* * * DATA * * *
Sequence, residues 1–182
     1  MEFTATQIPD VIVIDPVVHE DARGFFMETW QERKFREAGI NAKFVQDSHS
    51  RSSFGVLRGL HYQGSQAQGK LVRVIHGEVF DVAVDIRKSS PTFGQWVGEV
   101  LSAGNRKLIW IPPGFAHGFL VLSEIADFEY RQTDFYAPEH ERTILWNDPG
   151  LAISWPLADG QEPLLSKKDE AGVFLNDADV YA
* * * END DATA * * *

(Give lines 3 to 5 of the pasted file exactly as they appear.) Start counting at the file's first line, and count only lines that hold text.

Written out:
    51  RSSFGVLRGL HYQGSQAQGK LVRVIHGEVF DVAVDIRKSS PTFGQWVGEV
   101  LSAGNRKLIW IPPGFAHGFL VLSEIADFEY RQTDFYAPEH ERTILWNDPG
   151  LAISWPLADG QEPLLSKKDE AGVFLNDADV YA